- Debates on migration
- Debates on HE and uses of academic knowledge
- Debates on political events and significant socio-political issues including Brexit
- Debates on the role of media and social media in empowering and disempowering people
- The conference considers that ethnographic knowledge and practice offer spaces to reflect and intervene in these and other issues. It considers the spaces to continue conversations on scholarly research contributions and the spaces for wider impact
Organised by the Anthropology and Contemporary Research Worlds Group.
Please contact: Narmala Halstead [email protected]
The Cost of Freedom: Debt and Slavery
A conference in the Fredric Ewen Series on Civil Liberties and Academic Freedom, 19-20 May 2017
Brooklyn College, City University of New York
The rhetorics of freedom and liberty permeate contemporary and historical political discourse. This language and its associated symbols is invariably positively connoted from the perspective of the speaker and the presumed audience. However, the associated values and defining principles shift dramatically in each social context. In short we can all agree freedom is good, but we cannot agree what it means to be free. One of the key sites of contention in such discourse is what needs to be sacrificed in order to achieve liberty and what costs are associated with the preservation of freedom. The valuation of liberty is directly linked to whose freedom is prioritized and who is seen as bearing the associated costs. All of this is especially true in any discussion of slavery.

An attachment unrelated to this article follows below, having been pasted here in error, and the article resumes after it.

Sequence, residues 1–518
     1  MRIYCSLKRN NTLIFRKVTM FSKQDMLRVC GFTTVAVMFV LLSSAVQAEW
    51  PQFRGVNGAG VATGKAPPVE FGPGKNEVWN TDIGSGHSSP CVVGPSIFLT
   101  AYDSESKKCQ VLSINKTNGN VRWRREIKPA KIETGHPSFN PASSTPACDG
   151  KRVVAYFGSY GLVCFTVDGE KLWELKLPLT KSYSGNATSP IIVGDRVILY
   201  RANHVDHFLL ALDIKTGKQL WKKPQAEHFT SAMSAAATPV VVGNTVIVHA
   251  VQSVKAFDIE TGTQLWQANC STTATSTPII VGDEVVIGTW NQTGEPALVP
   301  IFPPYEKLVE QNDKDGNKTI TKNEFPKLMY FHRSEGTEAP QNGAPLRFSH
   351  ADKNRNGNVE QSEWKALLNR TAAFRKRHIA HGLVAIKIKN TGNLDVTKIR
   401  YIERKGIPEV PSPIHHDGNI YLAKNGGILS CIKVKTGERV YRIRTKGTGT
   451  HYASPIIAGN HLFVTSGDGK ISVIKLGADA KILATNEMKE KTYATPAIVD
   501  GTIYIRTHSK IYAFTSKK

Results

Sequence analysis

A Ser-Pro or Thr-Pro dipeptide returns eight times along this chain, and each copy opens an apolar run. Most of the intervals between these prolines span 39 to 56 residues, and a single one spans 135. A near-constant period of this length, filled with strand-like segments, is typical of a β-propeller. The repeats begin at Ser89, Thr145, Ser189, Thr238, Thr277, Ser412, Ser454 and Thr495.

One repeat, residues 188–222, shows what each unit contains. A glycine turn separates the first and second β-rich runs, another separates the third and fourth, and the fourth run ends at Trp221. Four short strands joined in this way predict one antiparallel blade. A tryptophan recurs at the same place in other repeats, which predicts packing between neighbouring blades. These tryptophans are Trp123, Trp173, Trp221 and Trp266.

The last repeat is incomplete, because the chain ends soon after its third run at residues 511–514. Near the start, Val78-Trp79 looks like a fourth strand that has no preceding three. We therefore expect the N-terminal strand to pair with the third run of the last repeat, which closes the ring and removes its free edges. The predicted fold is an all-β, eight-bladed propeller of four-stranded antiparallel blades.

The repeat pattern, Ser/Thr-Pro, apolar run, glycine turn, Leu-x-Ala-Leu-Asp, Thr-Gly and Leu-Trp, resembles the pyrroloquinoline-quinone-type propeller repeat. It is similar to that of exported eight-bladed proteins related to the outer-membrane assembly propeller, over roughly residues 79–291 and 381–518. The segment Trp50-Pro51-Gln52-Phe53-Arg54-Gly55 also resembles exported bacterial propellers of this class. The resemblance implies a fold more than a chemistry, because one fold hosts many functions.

The aim of this conference is to bring scholars from numerous disciplines into conversation across the historical timeline. Just as freedom and liberty are slippery concepts, so are ideas of debt, value, and payment. But rather than simply viewing these terms as rhetorical devices that make freedom seem worthwhile, we deploy debt, value,and payment as analytical tools for understanding how freedom works – while also keeping in mind that these are concepts that themselves demand investigation. These ideas unite the discourses of freedom and liberty, from ethical and economic discourses, which describe freedom as either physical labor or a mental activity, as well as the language of religion and science. Often our innumerable ways of assessing value bleed one into another, especially in conversations regarding individual and shared liberties.